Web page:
The Supreme Court will fully implement this year the electronic subpoena system or eSubpoena in trial courts nationwide, as part of its reform measures aimed at speeding up resolution of cases.
The SC, through Court Administrator Jose Midas Marquez, has directed all first and second level courts, which have undergone training for the project “to strictly implement the eSubpoena System.”
In Circular No. 244-2017 issued last Dec. 21, the SC required the lower courts with connectivity issues to use contingency measures and implement the program immediately.
“Pending full connectivity of all the courts nationwide, those courts which have no signal or are experiencing intermittent Internet signals in their stations are directed to use available Internet facilities in their respective areas and utilize the monthly Extraordinary and Miscellaneous Expense Allowance provided the judges in sending the eSubpoena,” the circular stated.
Marquez, who exercises administrative supervision over all regional trial courts, metropolitan trial courts, municipal trial courts and other local courts in the country, also ordered the courts and the Philippine National Police to strictly accomplish the feedback section in the system.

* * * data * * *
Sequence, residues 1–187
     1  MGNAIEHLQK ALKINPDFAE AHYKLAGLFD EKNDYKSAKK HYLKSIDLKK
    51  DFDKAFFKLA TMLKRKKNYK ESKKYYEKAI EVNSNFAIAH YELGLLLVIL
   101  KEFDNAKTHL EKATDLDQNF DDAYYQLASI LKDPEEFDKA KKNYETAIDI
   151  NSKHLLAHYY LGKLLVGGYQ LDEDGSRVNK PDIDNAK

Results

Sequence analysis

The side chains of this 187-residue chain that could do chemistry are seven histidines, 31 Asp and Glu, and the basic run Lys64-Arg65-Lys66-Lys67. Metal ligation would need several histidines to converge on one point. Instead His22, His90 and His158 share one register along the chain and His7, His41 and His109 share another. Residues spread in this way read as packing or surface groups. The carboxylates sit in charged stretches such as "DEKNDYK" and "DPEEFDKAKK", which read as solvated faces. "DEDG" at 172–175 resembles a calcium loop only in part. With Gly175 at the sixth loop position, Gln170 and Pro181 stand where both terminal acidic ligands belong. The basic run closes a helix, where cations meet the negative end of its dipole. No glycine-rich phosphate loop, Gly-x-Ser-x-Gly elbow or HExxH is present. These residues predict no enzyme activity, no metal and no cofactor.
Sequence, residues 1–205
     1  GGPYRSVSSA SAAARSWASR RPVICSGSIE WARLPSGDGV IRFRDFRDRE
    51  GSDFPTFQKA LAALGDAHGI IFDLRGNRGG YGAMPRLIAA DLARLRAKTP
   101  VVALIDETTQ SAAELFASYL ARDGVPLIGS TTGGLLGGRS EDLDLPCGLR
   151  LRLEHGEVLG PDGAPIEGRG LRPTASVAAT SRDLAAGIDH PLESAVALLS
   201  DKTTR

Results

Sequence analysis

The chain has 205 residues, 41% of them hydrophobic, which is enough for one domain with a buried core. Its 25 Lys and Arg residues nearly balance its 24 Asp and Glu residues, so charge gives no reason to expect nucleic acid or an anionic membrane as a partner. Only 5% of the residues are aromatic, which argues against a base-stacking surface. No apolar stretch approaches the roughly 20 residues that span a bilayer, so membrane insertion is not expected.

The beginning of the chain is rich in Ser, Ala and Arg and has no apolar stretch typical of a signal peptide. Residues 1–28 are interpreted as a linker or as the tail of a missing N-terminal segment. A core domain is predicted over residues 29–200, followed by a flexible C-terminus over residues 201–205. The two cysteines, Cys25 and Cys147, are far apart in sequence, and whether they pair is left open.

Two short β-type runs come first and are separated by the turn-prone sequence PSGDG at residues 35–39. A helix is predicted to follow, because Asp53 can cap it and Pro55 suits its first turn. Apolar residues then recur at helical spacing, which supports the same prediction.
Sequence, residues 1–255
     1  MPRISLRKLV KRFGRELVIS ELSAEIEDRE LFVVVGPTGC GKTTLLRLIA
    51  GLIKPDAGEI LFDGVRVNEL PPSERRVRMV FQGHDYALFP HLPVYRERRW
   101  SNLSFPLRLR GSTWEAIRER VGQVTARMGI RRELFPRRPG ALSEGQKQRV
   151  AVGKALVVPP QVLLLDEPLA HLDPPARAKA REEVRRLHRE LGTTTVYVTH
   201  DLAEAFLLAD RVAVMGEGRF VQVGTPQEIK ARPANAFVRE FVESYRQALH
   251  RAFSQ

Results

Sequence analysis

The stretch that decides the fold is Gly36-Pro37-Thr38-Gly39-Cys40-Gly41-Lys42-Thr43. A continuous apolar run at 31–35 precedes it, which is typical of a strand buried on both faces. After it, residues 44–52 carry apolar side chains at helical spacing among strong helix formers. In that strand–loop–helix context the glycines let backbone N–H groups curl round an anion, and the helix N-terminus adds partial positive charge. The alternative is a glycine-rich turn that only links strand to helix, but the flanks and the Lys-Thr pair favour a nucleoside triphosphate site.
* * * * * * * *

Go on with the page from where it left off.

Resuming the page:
The Court Administrator lamented that over 52,000 subjects issued with eSubpoena did not have feedbacks, disabling the effective monitoring of attendance of summoned police officers in court hearings.
For the implementation of the eSubpoena System, he also tapped the SC’s Management Information System Office to handle courts that still do not have accounts or need to restart their password.
The eSubpoena system is a program approved by the High Court in April 2014 in partnership with the PNP as part of the judiciary modernization program.
It was designed to ensure the attendance of police officers when called to testify in criminal cases.
The program intended to address the absences of police officers in hearings, which had previously led to dismissal of thousands of cases—mostly drug cases—and the extended detention of suspects that further contribute to jail congestion.
Under this system, court personnel enter details of the subpoena in the PNP’s database using an eSubpoena Form. Once sent, the PNP unit’s court process officer acknowledges receipt and will inform the police officer being summoned.
Within three days from receipt of the eSubpoena, the PNP is required to inform the court of the summoned officer’s availability for the hearing. Under this system, any police officer summoned through the eSubpoena who does not appear in hearing without a valid reason could face both administrative and criminal cases.